Implementing Youth Summer Sessions Online: Impacts of the 2021 Learning Games Lab Think Tanks
Each summer, the Learning Games Lab hosts in-person, half-day, weeklong sessions for youth. During these “Think Tank” sessions, youth are invited to be consultants, where they enhance their skills and knowledge of critically reviewing games, the design process, and evaluating tools in development.
Due to changes in statewide orders caused by the COVID-19 pandemic, educators held sessions fully online using Zoom. Thirteen students entering grades 6, 7, and 8 participated as Games Lab Consultants. Educators modified activities to address the online environment. At the end of the session, educators gathered feedback from consultants and their families to identify the impact of the program.
Implementing Think Tank Activities Online
Critical Review of Games
Educators provided multiple opportunities for youth consultants to play and evaluate digital games. In one activity, youth were assigned to play and critically review digital games when youth gathered as a group synchronously and for homework. Using a list of online games and questions to guide their evaluation of games, youth played and examined games’ audience, context, goals, and content. Then they critically reviewed games based on these areas and additional categories, such as graphics, accessibility, and ease of use. They used notes taken during gameplay and review to create presentations of their reviews to share with peers, which often ended with a large group discussion.
Additionally, educators used the tools Mentimeter and Padlet to prompt thinking and generate conversation about games and gameplay. For instance, using Padlet (a digital interactive whiteboard), youth posted names and descriptions of games they like to play as well as what they care about when reviewing games. Youth responded to questions posted in Mentimeter, where they shared their gameplay experience and reviews of different games. After providing input, youth and educators engaged in discussions on how these tools supported their reflection and articulation of ideas and provided youth opportunities to play and evaluate multiple games to enhance their skills and knowledge.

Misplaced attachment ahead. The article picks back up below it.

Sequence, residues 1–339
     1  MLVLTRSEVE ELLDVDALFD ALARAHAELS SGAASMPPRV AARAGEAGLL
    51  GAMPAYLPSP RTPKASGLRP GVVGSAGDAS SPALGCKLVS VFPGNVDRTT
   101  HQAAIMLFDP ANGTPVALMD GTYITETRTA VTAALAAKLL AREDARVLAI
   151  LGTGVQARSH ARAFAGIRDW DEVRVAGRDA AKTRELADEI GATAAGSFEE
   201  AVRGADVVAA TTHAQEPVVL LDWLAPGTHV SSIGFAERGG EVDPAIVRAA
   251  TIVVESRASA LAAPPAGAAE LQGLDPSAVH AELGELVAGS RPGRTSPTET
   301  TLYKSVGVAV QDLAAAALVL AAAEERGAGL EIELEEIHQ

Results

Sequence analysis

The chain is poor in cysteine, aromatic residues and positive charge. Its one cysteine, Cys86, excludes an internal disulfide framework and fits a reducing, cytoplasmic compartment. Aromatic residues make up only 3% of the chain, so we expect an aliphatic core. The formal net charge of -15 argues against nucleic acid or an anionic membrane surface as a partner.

Critically reviewing existing games provides a foundation for youth to test games in development. Youth conducted user-testing of the final versions of the interactive MyPlate. They played and analyzed the tool in breakout rooms and provided constructive feedback on gameplay and suggestions for improving the interactives. Youth provided input vocally and/or through the chat option.
They also played the Virtual Insect Collection Lab and addressed questions related to the tool's content. Later in the week, they tested Math Snacks games, which were in the process of being updated due to the discontinuation of Flash. Youth played Monster School Bus, Gate, or Ratio Rumble and provided feedback on bugs and other errors as well as what they liked about the games in presentation, Padlet board, and Mentimeter questions.
Designing and Delivering Content
Youth used online and digital tools to produce content to share with peers and educators. Youth created a digital presentation where they shared three things about themselves and games they like to play with peers. Throughout the week, they created short presentations of games they reviewed. For their final project, youth selected a digital tool, such as PowerPoint, Google Slides, or iMovie, to use to pitch a game they recommend peers, educators, or designers play and the reasons. They presented their work on the last day of the session.
On the session’s last day, educators distributed a survey to youth and their parents or guardians to assess the summer program. Survey data indicated that youth found the skills taught in the session to be very useful. Youth described the Learning Games Lab as fun and informative and as a place to play, review and learn about games and where they learn something new everyday. Youth expressed interest in wanting to learn about:
“Play more games and that math can be fun sometimes.”
With the survey for parents and guardians, the data showed adults saw an improvement in a variety of their kids’ skills and found the skills taught in the session to be useful or extremely useful. One respondent described being surprised by their child’s computer skills. Overall, adults reported their child’s experience at the session was “good”. Gathering feedback from youth and their families about their Games Lab experience helped the educators learn what worked with the program and what can be improved.
Educators utilized tools and structured activities for youth to test educational games and interactives, critically review games, and participate in design activities in ways that effectively utilized the affordances of online and digital tools. By using a variety of online and digital tools, youth actively engaged in communicating and collaborating with peers and identified different ways to express their ideas. While there was variation in the implementation of activities, educators still managed to achieve the goals of enhancing youth’s skills and knowledge in reviewing, user-testing, and designing.
Written By: Amanda LaTasha Armstrong, Games Lab Coordinator and Amy Chacon, Student Aide